Requirements to Have a Car Inspected in Georgia

Only certain counties in Georgia require owners to have their cars inspected each year in order to be registered. Vehicles required to be tested include gas-powered cars and light-duty trucks. There are exemptions to that rule, including antique cars and those using alternative fuels.

When you own a car, it’s common practice to have it regularly inspected as part of the state registration process. While many states require an annual inspection for all cars before allowing them to be registered, Georgia only requires an annual inspection in certain instances. Inspections are intended to ensure that vehicles operating on Georgia roads are safe and legally obtained, and to help maintain good air quality in metropolitan areas. Vehicles must pass an inspection before the state issues a title and registration.

Where You Must Get an Annual Car Inspection

Georgia does not have state-wide requirements for car inspections. Only certain counties in the metropolitan Atlanta area require owners to have their cars inspected each year. The 13 counties that require annual vehicle emissions testing are:

  • Cherokee
  • Clayton
  • Cobb
  • Coweta
  • DeKalb
  • Douglas
  • Fayette
  • Forsyth
  • Fulton
  • Gwinnett
  • Henry
  • Paulding
  • Rockdale

If you just moved to one of those counties, you must typically have your vehicle tested and registered within 30 days of moving.

These counties are generally densely populated with congested traffic, so curbing vehicle emissions is of high importance. The inspections test for ozone-forming pollutants and particle pollutants that are being released from the vehicle, and are part of Georgia's efforts to meet federal clean air standards. Any issues leading to emissions above federal certification levels must be fixed before the owner will receive proof of inspection.

Vehicles Required to Get Annual Inspections

If you live in one of the 13 counties in Georgia that require emissions testing, all gasoline-powered cars and light-duty trucks with a model year more than three years and less than 25 years older than the current calendar year are required to have an annual emissions inspection. In 2019, for example, this range covers vehicles from 1995 to 2016.

While most cars and light-duty trucks must get an annual inspection, there are exceptions to that rule. For example, seniors age 65 or older who own a car more than 10 years old and who drive fewer than 5,000 miles per year are exempt from emissions inspections. Exemptions may also be given for cars that use alternative fuels and for antique collector cars that are 25 years or older. And not every vehicle must be inspected annually. Motorcycles, RVs, motor homes and diesel vehicles do not need to get emissions testing in order to be registered in the state.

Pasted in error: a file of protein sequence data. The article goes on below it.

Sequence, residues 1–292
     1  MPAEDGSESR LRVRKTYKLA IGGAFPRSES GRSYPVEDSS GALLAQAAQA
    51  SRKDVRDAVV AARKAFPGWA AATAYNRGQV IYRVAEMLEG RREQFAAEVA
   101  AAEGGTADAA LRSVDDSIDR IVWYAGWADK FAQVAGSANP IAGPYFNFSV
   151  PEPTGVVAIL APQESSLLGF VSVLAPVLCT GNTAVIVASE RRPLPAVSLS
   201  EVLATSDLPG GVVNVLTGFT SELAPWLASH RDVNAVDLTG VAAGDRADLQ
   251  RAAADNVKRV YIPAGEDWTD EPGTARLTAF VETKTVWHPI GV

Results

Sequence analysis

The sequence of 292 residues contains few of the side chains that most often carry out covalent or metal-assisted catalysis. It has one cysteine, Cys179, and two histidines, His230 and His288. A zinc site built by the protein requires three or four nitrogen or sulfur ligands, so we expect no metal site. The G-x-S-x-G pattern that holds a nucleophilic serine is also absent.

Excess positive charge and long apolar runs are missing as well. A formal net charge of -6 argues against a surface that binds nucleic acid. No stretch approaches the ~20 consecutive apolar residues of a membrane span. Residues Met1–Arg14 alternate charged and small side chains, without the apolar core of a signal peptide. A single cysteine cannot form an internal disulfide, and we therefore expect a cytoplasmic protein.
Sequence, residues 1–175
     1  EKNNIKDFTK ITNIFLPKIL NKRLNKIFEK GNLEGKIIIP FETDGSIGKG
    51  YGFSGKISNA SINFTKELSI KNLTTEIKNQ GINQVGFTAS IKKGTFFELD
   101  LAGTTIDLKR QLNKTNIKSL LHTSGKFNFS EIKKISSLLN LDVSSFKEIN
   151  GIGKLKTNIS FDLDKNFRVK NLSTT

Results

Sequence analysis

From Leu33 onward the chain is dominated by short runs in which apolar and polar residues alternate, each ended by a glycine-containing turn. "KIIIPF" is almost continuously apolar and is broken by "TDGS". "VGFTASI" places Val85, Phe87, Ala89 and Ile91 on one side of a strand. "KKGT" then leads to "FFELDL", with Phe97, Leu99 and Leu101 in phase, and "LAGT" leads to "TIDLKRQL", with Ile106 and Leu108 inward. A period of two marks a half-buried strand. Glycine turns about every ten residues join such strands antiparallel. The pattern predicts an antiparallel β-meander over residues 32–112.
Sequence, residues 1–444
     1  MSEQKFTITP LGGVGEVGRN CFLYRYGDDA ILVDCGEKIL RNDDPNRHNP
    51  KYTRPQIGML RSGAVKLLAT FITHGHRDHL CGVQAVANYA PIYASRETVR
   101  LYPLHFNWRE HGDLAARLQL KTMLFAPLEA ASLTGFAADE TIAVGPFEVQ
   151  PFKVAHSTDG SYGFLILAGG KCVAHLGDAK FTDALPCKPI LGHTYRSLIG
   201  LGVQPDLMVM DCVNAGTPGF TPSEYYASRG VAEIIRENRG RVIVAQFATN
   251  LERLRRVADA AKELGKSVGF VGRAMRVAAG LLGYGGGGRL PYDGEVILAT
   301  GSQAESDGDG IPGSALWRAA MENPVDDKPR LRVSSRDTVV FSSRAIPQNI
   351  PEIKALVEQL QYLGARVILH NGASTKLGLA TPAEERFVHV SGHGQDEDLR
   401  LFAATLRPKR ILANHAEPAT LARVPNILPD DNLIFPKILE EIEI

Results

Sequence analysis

Where to Get Car Inspections in Georgia

If you live in one of the required counties and have a car that must get an annual emissions test, Georgia’s Clean Air Force suggests getting the test done about a month before your car’s registration renewal date. That way you have sufficient time to make any necessary repairs and get your car retested before the registration expires.

Vehicle testing locations are located throughout Atlanta where you can get your car inspected. Newer cars can get emissions testing at any station, but cars from model years 1995 and older can only be tested at certain stations. The price for car inspection varies. The car inspection includes an on-board diagnostic to check the vehicle’s emission control history; a fuel cap inspection to make sure it’s adequately sealed; and a catalytic converter inspection. Older cars must also undergo an idling test to check tailpipe emissions. If your car fails any part of the test, you must get the car repaired and retake the test.

If you are new to Georgia or one of the 13 counties that require emissions testing, be sure to get your car inspection done in plenty of time to get your car registered. Cars both new and used must have their registration renewed annually on the car owner’s birthday.

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About the Author

Leslie Bloom earned a J.D. from U.C. Davis’ King Hall, with a focus on public interest law. She is a licensed attorney who has done advocacy work for children and women. She holds a B.S. in print journalism, and has more than 20 years of experience writing for a variety of print and online publications, including the Journal of Juvenile Law and Policy.